Iran: Trump can overturn the nuclear deal

James Phillips, senior research fellow for Middle Eastern affairs at the Douglas and Sarah Allison Center for Foreign Policy Studies at The Heritage Foundation, has written an article for The Daily Signal about the Iran nuclear deal. 

On Wednesday, Iranian President Hassan Rouhani said that it was impossible for the nuclear deal signed with Obama administration to be overturned by Donald Trump.

Phillips said that this is “an outright lie” because President Barack Obama “purposely structured the deal as an executive agreement to make an end-run around Congress, which he knew would oppose the flawed and risky deal”. Therefore, once Trump is inaugurated he can revoke the executive agreement. 

Trump has made it clear he does not support the deal, calling it “disastrous” and saying it would be a top priority to dismantle it. 

On state television in Iran, Rouhani said to Cabinet members that Tehran’s “understanding in the nuclear deal was that the accord was not concluded with one country or government but was approved by a resolution of the U.N. Security Council and there is no possibility that it can be changed by a single government.”

Mohammad Javad Zarif, the Iranian Foreign Minister, said: “Every U.S. president has to understand the realities of today’s world. The most important thing is that the future U.S. president stick to agreements, to engagements undertaken.”

Phillips calls this advice “laughable” as it comes from the leaders of a country that still violates international laws (terrorism, taking hostages, etc.) and violates U.N. Security Council resolutions (exporting arms to Palestinian terrorist groups, Hezbollah terrorists, Syrian militias, and Yemeni rebels). Iran has also violated the nuclear deal by trying to buy illicit dual-use nuclear technology in Germany.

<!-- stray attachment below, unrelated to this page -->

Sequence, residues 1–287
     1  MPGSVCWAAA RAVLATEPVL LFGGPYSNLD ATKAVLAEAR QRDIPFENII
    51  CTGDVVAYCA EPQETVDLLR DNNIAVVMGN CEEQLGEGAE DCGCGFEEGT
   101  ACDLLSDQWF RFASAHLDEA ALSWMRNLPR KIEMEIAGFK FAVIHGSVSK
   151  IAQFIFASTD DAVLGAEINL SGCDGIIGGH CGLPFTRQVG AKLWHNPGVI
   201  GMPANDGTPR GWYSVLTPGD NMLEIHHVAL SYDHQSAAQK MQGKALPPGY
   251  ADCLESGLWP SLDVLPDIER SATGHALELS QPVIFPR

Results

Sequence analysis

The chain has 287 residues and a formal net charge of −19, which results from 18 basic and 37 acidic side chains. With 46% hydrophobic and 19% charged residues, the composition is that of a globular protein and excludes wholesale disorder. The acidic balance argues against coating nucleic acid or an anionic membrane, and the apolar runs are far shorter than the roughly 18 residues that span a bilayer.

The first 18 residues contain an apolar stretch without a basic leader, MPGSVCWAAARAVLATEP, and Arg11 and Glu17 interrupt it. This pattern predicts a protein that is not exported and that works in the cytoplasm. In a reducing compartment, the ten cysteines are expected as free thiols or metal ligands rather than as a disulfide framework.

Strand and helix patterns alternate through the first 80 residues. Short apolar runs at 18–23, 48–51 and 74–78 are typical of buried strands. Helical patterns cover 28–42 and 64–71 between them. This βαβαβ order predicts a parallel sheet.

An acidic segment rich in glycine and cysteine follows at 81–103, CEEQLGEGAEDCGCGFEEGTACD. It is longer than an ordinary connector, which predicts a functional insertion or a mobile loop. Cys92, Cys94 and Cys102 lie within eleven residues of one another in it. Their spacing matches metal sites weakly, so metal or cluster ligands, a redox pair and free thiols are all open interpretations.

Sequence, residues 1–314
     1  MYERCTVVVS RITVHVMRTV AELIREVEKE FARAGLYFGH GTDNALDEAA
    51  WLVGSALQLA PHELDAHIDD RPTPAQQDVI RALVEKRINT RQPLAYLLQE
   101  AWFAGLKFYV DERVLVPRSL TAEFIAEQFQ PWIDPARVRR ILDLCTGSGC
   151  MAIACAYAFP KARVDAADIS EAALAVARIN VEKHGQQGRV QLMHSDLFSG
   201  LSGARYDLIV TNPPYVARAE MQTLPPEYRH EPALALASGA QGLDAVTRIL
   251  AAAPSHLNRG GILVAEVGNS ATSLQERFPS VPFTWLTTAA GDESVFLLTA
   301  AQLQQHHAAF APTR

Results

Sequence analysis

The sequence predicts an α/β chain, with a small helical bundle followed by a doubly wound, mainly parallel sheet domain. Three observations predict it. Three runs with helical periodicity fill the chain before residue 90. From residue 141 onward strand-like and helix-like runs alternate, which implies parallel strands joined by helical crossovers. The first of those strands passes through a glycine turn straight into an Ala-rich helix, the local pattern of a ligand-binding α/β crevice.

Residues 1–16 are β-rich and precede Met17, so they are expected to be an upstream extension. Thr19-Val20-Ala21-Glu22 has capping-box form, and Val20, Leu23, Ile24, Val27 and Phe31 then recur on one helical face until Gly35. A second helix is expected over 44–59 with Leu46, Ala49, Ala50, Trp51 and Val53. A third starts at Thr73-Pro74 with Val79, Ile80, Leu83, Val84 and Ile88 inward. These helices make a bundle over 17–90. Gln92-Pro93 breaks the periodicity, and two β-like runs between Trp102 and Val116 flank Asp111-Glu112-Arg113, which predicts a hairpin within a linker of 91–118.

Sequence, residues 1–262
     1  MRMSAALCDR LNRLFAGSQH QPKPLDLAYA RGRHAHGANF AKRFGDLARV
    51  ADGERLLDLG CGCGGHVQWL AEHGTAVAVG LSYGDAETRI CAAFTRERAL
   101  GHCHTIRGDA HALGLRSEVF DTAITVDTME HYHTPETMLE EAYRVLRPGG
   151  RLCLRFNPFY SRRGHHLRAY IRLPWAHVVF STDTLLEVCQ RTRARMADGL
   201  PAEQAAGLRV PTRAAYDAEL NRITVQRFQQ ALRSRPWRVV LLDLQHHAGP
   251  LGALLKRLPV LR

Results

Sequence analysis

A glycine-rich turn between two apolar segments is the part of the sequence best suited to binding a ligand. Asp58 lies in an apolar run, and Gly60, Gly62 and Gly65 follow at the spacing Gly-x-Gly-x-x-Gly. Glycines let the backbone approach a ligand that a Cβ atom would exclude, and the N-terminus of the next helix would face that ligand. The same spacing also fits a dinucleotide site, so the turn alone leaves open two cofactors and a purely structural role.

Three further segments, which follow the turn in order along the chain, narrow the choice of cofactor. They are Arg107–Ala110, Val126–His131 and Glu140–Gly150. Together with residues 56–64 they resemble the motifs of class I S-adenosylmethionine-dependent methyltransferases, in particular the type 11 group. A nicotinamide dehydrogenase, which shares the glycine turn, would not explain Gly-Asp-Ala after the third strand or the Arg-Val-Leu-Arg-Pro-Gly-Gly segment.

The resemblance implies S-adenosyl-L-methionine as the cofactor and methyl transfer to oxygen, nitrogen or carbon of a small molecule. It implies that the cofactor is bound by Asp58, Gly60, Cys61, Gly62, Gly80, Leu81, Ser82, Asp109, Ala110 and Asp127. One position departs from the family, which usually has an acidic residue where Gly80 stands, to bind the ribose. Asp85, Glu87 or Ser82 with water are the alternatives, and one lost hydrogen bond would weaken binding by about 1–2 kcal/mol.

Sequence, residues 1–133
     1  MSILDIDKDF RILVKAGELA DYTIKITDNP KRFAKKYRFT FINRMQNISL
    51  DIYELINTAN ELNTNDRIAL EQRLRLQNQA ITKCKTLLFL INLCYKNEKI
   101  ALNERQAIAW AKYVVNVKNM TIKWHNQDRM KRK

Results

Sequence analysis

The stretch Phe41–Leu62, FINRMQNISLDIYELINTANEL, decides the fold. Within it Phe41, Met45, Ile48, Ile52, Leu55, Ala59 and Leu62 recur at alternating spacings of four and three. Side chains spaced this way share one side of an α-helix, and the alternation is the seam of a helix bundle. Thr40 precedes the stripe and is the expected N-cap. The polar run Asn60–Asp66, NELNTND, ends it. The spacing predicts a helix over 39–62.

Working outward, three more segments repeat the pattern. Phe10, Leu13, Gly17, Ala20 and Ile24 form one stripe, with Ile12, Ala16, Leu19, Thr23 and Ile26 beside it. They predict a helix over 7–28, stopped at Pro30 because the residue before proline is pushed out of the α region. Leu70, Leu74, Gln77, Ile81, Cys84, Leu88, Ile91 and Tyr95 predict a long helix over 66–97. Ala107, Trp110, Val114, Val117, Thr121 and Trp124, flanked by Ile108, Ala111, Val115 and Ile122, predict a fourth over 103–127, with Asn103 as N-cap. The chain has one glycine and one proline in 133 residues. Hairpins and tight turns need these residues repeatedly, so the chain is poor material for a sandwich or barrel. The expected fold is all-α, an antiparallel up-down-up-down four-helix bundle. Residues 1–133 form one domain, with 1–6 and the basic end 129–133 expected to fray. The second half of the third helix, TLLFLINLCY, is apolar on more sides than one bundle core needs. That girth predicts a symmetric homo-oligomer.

So these reasons alone could be used by the new administration to scrap the nuclear deal. Phillips reminds us that “Trump has promised to enforce the nuclear deal so strictly that it will be patently clear that Iran is responsible for the deal’s demise”. In the presidential campaign Trump said: “You know, I’ve taken over some bad contracts. I buy contracts where people screwed up and they have bad contracts. But I’m really good at looking at a contract and finding things within a contract that, even if they’re bad, I would police that contract so tough that they don’t have a chance. As bad as the contract is, I will be so tough on that contract.”

Obama’s administration have been out-negotiated and out-manoeuvred by Iranian dictators. Desperate to seal the deal, Obama’s administration allowed huge concessions that “allowed Iran to dismantle international sanctions without dismantling key elements of its nuclear program, which continues to advance”.

Phillips said: “It looks like the Trump administration will take a much harder line on the Iran nuclear issue, which will be one of the earliest foreign policy issues it must address.”